It's often said that Guru Nanak, after handing over the gurgaddi to Guru Angad, went to Kartarpur and spent all his time there till he left for his heavenly abode. Nowhere have we come across that he suffered from any ailment, nor did he prophesy his departure from earth. One od his sons is known to have preached Guru Nanak's teachings and was instrumental in taking His message far and wide. It is not known whether his children were with him and also his wife. The questions posed, apparently to anull the incident and term the story as a parable, will pose more questions, each of which would need answers eventually leading the learned to state that all history regarding our Guru is a question. May I suggest to the learned to instead dig into whatever is available as records and only then put across their findings and understandings and so also the questions. In those days, the root records were kept by record-keepers at Hardwar. Guru Nanak is known to have questioned many social practices and in effect discouraged religious visits to Hardwar, maybe that is one reason we do not find any writings as to where the consigned flowers were immersed in the waters. If anyone has any answers, perhaps it would highlight associated aspects, logically or hypothetically. Till we have any such finding, please let's respect what has been passed through the generations because our Guru practiced his preachings and that needs no evidence. We have Bhai Mardana as his companion and also the Shabad "Awal Allah noor upaayyah kudrat ke sub bande/ Ik noor te sub jug upujjeyaah kaun bhaley kaun mandey". Guru Sahib's life is full of evidence that what happened after he left for his heavenly abode was only natural.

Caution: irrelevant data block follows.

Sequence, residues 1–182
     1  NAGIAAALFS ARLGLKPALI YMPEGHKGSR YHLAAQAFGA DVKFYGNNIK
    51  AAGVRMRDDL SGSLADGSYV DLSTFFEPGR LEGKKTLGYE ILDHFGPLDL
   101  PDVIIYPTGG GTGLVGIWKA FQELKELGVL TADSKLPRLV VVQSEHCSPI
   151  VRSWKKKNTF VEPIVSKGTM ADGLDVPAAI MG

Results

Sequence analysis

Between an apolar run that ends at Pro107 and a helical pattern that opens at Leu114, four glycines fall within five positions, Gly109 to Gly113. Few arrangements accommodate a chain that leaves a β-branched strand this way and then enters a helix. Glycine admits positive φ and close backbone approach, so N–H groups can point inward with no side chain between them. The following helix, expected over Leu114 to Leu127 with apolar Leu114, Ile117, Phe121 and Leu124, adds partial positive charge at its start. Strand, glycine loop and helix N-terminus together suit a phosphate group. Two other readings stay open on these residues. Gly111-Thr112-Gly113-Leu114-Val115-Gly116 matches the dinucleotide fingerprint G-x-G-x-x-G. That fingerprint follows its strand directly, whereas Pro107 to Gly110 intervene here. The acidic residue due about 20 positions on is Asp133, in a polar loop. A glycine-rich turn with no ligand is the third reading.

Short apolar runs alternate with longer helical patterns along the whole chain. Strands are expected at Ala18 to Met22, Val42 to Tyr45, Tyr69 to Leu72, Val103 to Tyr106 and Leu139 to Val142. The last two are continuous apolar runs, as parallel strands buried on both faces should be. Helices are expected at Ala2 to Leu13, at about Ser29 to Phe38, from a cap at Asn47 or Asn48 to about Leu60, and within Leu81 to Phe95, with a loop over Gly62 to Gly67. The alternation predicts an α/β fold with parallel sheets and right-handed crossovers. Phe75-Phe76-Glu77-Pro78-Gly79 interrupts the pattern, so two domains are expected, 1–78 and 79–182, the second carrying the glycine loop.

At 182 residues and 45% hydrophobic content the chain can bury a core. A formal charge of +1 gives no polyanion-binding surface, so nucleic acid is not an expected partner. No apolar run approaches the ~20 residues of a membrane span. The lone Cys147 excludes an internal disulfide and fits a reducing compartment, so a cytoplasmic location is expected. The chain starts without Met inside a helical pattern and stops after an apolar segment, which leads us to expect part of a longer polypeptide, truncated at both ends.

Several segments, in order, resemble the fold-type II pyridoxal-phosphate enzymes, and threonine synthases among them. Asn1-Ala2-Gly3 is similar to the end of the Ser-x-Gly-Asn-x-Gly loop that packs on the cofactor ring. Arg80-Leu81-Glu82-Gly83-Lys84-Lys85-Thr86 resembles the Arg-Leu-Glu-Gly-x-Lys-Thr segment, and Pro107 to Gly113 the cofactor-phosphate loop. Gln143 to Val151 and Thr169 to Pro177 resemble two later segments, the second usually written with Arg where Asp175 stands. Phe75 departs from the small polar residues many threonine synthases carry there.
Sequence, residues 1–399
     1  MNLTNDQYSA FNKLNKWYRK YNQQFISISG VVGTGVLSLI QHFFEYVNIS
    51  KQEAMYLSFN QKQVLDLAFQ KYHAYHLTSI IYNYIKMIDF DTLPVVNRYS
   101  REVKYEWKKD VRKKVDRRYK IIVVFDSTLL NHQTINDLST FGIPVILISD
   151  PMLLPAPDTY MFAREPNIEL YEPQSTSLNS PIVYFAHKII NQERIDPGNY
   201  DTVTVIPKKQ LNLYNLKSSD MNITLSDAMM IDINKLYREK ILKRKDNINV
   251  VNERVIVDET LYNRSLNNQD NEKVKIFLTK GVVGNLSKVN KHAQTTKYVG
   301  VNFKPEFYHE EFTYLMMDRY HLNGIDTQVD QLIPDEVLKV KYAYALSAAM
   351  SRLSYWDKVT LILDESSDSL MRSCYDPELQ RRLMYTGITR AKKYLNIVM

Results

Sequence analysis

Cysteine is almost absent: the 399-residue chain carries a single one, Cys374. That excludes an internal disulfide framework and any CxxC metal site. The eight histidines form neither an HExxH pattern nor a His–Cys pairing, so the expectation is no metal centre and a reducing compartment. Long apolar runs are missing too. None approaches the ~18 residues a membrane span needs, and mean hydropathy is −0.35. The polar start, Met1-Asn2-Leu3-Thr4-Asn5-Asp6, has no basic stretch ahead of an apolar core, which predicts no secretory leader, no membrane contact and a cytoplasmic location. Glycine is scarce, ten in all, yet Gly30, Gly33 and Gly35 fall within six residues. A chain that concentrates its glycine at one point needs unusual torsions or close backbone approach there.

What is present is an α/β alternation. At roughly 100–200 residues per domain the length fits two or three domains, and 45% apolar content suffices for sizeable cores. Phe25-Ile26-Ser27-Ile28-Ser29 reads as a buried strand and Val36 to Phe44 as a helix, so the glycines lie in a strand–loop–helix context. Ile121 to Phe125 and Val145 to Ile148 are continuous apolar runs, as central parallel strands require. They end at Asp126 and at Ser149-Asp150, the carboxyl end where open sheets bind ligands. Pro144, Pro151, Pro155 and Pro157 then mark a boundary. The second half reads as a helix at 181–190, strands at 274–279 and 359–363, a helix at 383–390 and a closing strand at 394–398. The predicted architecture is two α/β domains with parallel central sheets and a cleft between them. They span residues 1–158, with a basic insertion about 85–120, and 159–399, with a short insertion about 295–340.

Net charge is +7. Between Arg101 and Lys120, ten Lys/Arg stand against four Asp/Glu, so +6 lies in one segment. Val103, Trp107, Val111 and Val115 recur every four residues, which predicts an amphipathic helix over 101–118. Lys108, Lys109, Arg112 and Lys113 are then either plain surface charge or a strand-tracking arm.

13: Gurinder Singh (Stockton, California, U.S.A.), November 24, 2010, 9:07 AM.

Guru Nanak was no different from Akal Purakh. Gurbani says "Har ka sevak so har jeha/ Bhed na janoh maanas dehaa" [GGS:1076]. It translates to: God's messenger is like God, because of his human figure, he should not be considered separate from God.

14: Ravinder Singh Taneja (Westerville, Ohio, U.S.A.), November 25, 2010, 9:27 AM.

If we call this story a parable, as the author has done, then there is no room for speculation. A parable is by definition trying to convey a moral or a truth by means of a story. If we were to wear the lens of a historian, then the questions raised in the essay would be relevant - perhaps necessary.

15: Sukhbinder (Surrey, Brtish Columbia, Canada), November 27, 2010, 12:17 AM.

I congratulate you on pointing out the difference between parable and history. This is a very important line to draw. Miracle stories like this distort the message of Sikhi and make the message less believable. This is the information age and the age of critical inquiry.

16: I.J. Singh (New York, U.S.A.), November 28, 2010, 4:03 PM.

Not quite fast or so rigid in definitions, Ravinder. True that a parable is a story told to illustrate a "moral or spiritual truth" and that truth and its lesson remain uncontested in my retelling and parsing of this parable. (I am not parsing the lesson here.) But many, if not most parables are derived from and based on historical nuggets (truths) and that deserves parsing. And that's what I have attempted without diminishing the moral/ spiritual lesson.